Chapter 9: Flying the coop didn’t necessarily mean all would be cozy and perfect. After all, this isn’t a story about living happily ever after. Just a series of events, some good, some not so. The good news? We did find a place of our own that more or less met all our criteria, which consisted of:
• Could not be located inside Stan’s house or within 50 yards of it, yet should still be close to campus, where we both worked.
• Preferably affordable and not something for which we’d have to hand over an arm and a leg.
• Not a dump. Or a pit, for that matter. Which meant nothing that was falling apart, had holes in the walls, or cigarette butts and roaches ground into some threadbare carpet.
The place we found might as well have been a tree house. It was a secluded duplex apartment, perched on the edge of a cliff and surrounded by evergreens with branches so thick, you couldn’t see the forest for, well, the pine needles. It was small, about 600 square feet, with bird-size windows in the bedroom, and ample, wall-to-wall windows, covering two sides of the living room. That place should have had a spectacular view, but the trees made it impossible. Which was probably a blessing, because had there been one, the rental price would have skyrocketed beyond our reach.
There was no natural light in our tree house. Not a speck of sunshine could make its way though the dense foliage. Even at high noon, it looked like nighttime inside. Certainly, would have made a perfect hideout for Jimmy Hoffa. Or, a great place to raise bats. Our only neighbor, a single mom and her 8-year-old son, kept pet rats on their side of the tree house, which, if you ask me, was reason enough never to go visit them.
Our landlord, Scott Woo, was Seattle’s version of a slumlord. He owned lots of properties in the University District and was used to renting to college students, charging exorbitant prices and not giving them any perks—such as cleaning the carpets or repainting before they moved in. His apartments had seen years and years of partying. You could smell the keg parties, and the faint scent of puke and sweat, wafting through Mr. Woo’s units and, frankly, Mr. Woo didn’t care.
He had a business to run and that didn’t include coddling his tenants with any niceties. Plumbing problem? So what! Refrigerator not working? Don’t look at him! Mr. Woo believed in empowering his tenants to take charge of their own destinies, which, in this case meant, their own apartments.
Mr. Woo didn’t have an office, but worked out of his car, and kept all his tenants names and phone numbers on his body. He carried a Bic pen wherever he went and kept his notes on his arms and legs. Inky tattoos, I called them. I assumed, if we looked hard enough, we’d find a copy of our lease on one of his calves or forearms.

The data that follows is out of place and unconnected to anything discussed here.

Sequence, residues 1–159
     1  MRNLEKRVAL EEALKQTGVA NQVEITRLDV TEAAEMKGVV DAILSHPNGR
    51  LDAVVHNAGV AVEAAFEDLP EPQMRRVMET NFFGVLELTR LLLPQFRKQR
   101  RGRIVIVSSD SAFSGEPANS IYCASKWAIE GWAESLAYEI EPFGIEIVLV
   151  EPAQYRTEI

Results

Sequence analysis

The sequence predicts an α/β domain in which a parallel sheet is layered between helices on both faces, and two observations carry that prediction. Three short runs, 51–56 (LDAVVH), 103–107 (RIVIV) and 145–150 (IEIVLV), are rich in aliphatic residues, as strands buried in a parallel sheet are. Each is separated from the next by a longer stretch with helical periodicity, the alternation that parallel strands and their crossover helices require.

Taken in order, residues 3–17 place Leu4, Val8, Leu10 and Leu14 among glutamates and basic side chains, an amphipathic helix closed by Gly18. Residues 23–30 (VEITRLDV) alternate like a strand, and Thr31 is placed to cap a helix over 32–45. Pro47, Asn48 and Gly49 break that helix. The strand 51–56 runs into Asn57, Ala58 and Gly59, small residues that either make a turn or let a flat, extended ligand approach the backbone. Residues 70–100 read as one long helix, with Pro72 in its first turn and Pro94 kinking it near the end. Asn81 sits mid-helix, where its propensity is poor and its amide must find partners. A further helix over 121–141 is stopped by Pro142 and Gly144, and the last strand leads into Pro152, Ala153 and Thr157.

So what was the bad news? Three days after moving into our tree house, Joanie and Spock called to say they’d decided to move to Seattle and would be arriving that weekend. Suddenly and out of left field.
Joanie and Spock were G’s friends from college. They were the kind of couple that had spent so much time together that their looks had melded, making them appear more like siblings than spouses. The only difference between the two was that Spock had pointy ears, which is how he got his name.
They had started dating at the beginning of their freshman year and were married by junior year. They separated senior year—long enough for Joanie and I to plan a female, self-empowerment cross-country trip for the summer. But, two days before graduation, and on the eve of hitting the road, they reconciled. Joanie called to tell me that Spock would prefer she stay at home.
“He needs me,” she added, as if that helped justify tossing all our plans out with the bath water–and the baby.
And so, our trip, that was supposed to enlighten and make us stronger, was thus extinguished, as was my dream of seeing America from the open road. Which also meant I was out the $250 that I had plunked down toward the down payment on an RV, which Joanie ended up keeping.
And now the happy travelers were on their way to Seattle in the RV that I helped subsidize, no doubt using my money to help pay for the gas. I hadn’t seen Joanie–or Spock–since that incident. A lot of thoughts went through my head, but somehow, the only one that stuck was Humphrey Bogart’s line in Casablanca:
“Of all the gin joints in all the towns in all the world, she walks into mine.”
Feeling my pulse quicken, I knew that I didn’t want to be anywhere near this gin joint when they arrived.